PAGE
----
Ah, what arrogance! What foolishness! Too assured, confident, and mindless.

If you haven’t guessed what happened, here it is: the star of this essay (and I’m not talking about the whole of myself) — got snagged on the metal zipper for just an instant at, shall we say, its most sensitive point. An eye-opening moment. I should have remembered why the interlocking segments of the zipper are called teeth.

I am not much of a singer. Despite my limited musical skills, I immediately hit a high note only dogs can hear. In another second, I de-snagged the snag.

Carefully.

Some blood appeared at the accident site. To be specific, one drop. I felt better in a few more moments, soaping myself first.

Emergency rooms see far worse.

Now an apology. To my ex-patients, in particular. I suspect some of you never thought I owned this appliance or — occupied with weightier considerations — didn’t ponder its quiet presence in the room we shared. There were others, however, who — briefly at least — maintained focus on the additional function for which this machinery was designed and hoped to work their magic on it and on me. In either case, you might not have wanted to be reminded.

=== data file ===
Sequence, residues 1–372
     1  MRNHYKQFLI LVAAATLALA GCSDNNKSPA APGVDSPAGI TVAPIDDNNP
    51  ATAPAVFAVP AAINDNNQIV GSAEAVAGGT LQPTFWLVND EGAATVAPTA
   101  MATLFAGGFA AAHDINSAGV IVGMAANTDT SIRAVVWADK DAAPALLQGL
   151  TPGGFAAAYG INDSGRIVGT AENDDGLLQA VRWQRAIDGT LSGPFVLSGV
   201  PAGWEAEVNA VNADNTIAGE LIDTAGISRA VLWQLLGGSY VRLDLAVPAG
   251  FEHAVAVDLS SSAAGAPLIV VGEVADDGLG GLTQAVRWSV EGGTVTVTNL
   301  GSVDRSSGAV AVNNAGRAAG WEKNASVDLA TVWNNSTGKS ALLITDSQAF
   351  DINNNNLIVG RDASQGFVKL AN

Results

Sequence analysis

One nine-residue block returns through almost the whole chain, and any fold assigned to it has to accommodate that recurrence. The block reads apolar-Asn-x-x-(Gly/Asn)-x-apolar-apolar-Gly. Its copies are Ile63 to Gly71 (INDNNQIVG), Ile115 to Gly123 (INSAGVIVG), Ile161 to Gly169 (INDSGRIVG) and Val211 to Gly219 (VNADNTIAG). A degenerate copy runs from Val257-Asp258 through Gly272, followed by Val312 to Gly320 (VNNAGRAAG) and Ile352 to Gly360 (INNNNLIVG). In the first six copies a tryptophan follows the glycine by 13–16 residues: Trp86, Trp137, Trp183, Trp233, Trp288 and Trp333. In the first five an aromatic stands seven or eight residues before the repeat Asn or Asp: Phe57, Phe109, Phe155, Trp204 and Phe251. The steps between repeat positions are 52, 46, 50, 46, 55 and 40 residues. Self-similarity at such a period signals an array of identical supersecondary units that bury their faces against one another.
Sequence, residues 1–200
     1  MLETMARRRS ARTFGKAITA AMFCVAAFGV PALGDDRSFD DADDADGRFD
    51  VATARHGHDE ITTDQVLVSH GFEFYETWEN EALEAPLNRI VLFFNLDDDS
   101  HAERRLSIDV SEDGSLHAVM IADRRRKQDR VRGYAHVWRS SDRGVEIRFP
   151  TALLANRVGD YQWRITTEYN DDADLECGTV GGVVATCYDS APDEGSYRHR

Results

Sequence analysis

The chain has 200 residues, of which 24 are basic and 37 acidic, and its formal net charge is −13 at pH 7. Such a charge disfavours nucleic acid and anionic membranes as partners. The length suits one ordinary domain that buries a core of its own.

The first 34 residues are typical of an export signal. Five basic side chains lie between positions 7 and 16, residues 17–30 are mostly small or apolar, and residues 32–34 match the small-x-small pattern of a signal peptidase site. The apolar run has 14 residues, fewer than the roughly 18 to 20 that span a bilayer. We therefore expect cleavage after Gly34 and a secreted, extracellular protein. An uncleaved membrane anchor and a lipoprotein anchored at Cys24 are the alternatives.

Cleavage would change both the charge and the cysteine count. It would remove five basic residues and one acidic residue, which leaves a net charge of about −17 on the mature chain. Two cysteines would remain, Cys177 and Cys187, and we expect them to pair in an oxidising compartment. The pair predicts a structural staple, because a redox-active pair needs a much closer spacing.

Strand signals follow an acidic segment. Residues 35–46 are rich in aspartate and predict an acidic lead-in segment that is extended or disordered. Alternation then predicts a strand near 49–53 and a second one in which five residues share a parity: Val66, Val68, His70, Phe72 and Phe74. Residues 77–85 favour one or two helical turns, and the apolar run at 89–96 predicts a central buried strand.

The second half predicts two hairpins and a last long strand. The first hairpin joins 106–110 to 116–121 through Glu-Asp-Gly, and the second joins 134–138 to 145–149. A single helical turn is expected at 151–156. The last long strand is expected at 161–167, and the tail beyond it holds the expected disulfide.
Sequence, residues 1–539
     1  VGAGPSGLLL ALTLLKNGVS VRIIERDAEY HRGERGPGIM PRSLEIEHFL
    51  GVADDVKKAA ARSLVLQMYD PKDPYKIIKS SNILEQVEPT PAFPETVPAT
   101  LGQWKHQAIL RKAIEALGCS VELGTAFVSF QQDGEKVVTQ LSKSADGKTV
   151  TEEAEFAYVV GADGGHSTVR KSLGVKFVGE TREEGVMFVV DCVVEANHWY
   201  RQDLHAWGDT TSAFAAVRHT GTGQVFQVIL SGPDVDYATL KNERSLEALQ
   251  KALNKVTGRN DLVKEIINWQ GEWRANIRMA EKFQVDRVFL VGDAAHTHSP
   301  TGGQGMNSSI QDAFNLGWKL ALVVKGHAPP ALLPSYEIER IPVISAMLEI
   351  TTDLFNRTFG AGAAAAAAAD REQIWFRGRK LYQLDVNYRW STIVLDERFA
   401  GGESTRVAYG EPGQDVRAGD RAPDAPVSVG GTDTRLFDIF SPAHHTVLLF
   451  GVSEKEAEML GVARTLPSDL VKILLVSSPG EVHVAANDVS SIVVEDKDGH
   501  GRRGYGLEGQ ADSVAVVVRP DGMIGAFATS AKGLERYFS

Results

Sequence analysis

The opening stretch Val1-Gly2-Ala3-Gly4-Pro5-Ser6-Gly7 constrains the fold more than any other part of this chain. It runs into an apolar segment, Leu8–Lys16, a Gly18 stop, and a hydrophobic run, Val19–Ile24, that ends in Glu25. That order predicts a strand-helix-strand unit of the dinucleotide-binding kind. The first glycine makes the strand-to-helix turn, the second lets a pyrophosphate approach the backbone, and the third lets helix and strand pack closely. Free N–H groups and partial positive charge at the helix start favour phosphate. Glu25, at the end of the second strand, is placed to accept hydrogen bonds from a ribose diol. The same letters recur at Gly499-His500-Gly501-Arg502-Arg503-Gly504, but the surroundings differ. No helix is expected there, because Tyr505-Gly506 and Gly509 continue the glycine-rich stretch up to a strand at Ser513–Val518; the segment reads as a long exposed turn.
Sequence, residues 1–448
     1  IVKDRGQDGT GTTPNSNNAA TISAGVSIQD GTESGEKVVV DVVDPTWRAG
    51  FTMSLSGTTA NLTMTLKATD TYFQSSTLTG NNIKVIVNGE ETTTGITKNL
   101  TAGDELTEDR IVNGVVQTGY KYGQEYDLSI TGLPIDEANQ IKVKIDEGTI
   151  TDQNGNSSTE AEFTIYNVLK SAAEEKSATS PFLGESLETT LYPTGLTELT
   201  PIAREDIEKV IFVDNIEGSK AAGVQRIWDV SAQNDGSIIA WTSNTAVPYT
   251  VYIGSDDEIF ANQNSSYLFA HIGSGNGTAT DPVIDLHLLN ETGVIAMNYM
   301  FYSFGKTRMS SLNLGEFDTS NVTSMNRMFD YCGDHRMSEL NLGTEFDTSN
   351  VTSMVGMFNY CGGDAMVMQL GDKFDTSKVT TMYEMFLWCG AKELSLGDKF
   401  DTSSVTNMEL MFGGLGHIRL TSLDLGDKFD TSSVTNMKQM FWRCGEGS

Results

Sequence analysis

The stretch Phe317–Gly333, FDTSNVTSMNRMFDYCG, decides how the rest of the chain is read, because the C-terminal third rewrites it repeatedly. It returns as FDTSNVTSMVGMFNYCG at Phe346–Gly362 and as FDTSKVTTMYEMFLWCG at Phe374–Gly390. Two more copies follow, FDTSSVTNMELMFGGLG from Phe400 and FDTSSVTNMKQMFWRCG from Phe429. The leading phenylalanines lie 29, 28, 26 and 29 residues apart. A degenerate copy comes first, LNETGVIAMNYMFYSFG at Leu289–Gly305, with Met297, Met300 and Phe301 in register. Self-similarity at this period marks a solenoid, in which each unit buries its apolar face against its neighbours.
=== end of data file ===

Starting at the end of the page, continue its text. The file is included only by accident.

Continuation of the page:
So sorry.

Now back to the six people who are continuing to read. Those who peruse counselor blogs are not all aware that therapists are regular folks. Our staged performances can fool you. Yes, but I am an iconoclast, a man willing to betray our slight-of-hand and step off the pedestal on which we perform, this for the sake of truth and a laugh.

Promise me something, dear reader. And by now, I do mean singular. Please do not tell my grandson any of this. He is just learning to master his small portion of the paraphernalia with which God equipped him.

I’m done, but worried a bit. Will you still respect me in the morning?

——

The perceptive among you will notice that the images above are almost identical, an Animated Zipper closing, the other opening (reversed). The creator of both of these is Demon Deluxe (Dominique Toussaint). They are sourced from Wikimedia Commons.